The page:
Removal of ITC to make housing expensive in India

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GST rate cut

Now that the Goods and Services Tax (GST) rate on under-construction homes has been brought down to five percent, are you planning to purchase one? Keep a note, home prices may go up as the reduction in GST is coupled with the removal of Input Tax Credit.

The GST Council’s decision to reduce GST rates on under-construction flats from 12 percent to five percent, and five to one percent on affordable housing, without giving the benefit of Input Tax Credit (ITC) has been lauded by real estate stakeholders and homebuyers. The move is anticipated to spur demand for under-construction properties particularly, in the affordable housing segment which could result in increased sales in the forthcoming quarters. Fence sitters, who have been deferring their purchase decisions, now have an opportunity to buy a home at an added incentive. However, there is a catch to it.

The government has withdrawn ITC, asserting that the developers were not passing the complete benefit to the homebuyers. Real estate developers who were already battling the NBFC crisis will now have to bear additional tax burden, which most certainly will be passed on to the homebuyers. For all we know, the reduction in GST and the removal of ITC benefit will only propel the final cost of property for the homebuyer.

Let’s find out the impact of GST rate cut on property prices by doing a comparative analysis of both the situations:

Then (GST with ITC)

Until now, the government used to levy 12 percent GST on under-construction properties while giving the benefit of ITC. In case of affordable homes, GST was set at eight percent (with ITC) after considering one-third abatement on lieu of land cost. The GST regime allowed real estate developers to claim ITC benefit on tax paid for procuring building materials such as cement, steel and sand. This input credit would help them to neutralise the GST liabilities. Under the anti-profiteering clause, the ITC benefits claimed by the developers had to be passed on to the homebuyers. The government, however, asserted that the developers were not passing the complete benefit. Besides, real estate stakeholders were also battling for the tax rate cut considering the large stockpile of unsold under-construction inventory in metro cities.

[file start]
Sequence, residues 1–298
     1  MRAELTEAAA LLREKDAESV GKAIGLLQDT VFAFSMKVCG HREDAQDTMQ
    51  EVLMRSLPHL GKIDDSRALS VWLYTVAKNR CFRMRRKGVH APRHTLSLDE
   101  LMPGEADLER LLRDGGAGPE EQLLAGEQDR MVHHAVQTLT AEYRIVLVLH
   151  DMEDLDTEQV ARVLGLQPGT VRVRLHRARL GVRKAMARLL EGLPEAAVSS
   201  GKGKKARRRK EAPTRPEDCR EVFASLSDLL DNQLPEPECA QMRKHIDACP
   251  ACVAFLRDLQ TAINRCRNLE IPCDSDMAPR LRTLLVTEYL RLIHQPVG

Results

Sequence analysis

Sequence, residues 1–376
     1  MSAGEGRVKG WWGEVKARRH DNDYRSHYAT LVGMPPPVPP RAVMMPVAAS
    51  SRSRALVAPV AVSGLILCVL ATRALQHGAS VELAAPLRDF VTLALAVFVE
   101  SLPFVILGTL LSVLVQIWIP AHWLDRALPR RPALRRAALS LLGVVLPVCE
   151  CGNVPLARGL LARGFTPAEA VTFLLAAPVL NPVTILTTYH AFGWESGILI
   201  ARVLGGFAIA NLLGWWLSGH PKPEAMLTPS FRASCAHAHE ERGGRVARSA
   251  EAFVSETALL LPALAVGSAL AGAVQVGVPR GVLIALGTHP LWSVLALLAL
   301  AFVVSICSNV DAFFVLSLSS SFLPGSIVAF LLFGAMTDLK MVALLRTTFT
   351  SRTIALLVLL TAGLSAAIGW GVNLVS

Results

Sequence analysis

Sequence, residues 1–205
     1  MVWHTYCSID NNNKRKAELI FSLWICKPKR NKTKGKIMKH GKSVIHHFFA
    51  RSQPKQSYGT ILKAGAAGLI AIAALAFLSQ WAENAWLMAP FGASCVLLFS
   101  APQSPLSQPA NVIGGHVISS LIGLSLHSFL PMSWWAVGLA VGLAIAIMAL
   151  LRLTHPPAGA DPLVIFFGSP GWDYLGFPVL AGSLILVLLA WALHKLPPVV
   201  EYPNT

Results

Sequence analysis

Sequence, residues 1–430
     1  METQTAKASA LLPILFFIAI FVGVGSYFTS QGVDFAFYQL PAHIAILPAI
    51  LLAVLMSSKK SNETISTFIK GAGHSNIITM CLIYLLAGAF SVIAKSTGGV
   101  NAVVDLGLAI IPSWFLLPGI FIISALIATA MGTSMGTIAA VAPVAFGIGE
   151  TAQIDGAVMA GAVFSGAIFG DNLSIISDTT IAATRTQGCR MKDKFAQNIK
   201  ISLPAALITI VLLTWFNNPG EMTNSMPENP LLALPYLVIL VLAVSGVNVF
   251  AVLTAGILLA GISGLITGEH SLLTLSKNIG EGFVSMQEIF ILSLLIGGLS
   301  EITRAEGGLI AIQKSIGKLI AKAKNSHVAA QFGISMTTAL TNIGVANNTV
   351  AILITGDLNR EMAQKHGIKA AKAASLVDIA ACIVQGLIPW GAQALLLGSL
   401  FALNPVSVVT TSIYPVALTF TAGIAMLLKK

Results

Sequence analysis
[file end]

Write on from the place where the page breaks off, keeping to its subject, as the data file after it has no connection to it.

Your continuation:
Now (GST without ITC)

GST rate cutAfter the recent rate cut announced by the GST Council meeting, under-construction properties will attract five percent GST, whereas affordable homes up to Rs 45 lakh will be taxed at one percent, without getting the benefit of ITC, effective April 1 2019. This means that developers will no longer be able to claim a credit on the input costs of raw materials (steel, cement and sand) and labour. Under GST, multiple taxes are subsumed owing to the ITC benefit that significantly brought down construction costs for the developers. Mayur Shah, Managing Director, Marathon Group and Chairman, MCHI CREDAI, opines “The removal of input tax credit means that the developer’s profitability will be reduced. It remains to be seen whether the market responds by correcting prices upwards or whether developers will absorb the hit.”

How will the removal of ITC impact home prices?

Let’s say the average cost of an affordable home is Rs 4,000 per sq ft. Under the old regime, a buyer would be liable to pay eight percent GST on the final cost of the apartment after deducting the ITC amount. Now, for constructing an affordable housing unit, a developer spends an average of Rs 1,500 per sq ft towards the construction inputs or materials. With an average tax rate of 15 percent on input costs, the developer is liable to claim inputs worth Rs 225 per sq ft (1,500*15% =225). Considering the developer was passing the complete benefit to the homebuyer, the cost at which the buyer would pay 8 percent GST would be Rs 3,775 (Rs 4,000-Rs 225), which amounts to Rs 4,077 per sq ft (Rs 302 is the tax payable per sq ft).

GST rate cutHowever, under the new regime, the developer cannot claim the ITC benefit. As a result, the cost at which a buyer would have to pay the revised one percent GST would become Rs 4,225 per sq ft (Rs 4,000 + Rs 225). The tax payable in this case would be Rs 42.67 per sq ft, taking the total cost to be borne by the buyer to Rs 4,267 per sq ft. The final cost to be borne by the buyer under the new system has increased by Rs 190 per sq ft in this case, rendering the system non-profitable for the masses. 

In a nutshell

The GST rate cut will provide a respite to the overall real estate market, however, this will be a momentary infusion of notional positive sentiment. While the under construction segment will largely benefit from this, not giving the benefit of ITC to developers will lead to an escalation in the price of the apartments. With no ITC to claim, developers in some cities will have no option but to increase the property prices or bear the brunt of lower margins at unaltered prices.

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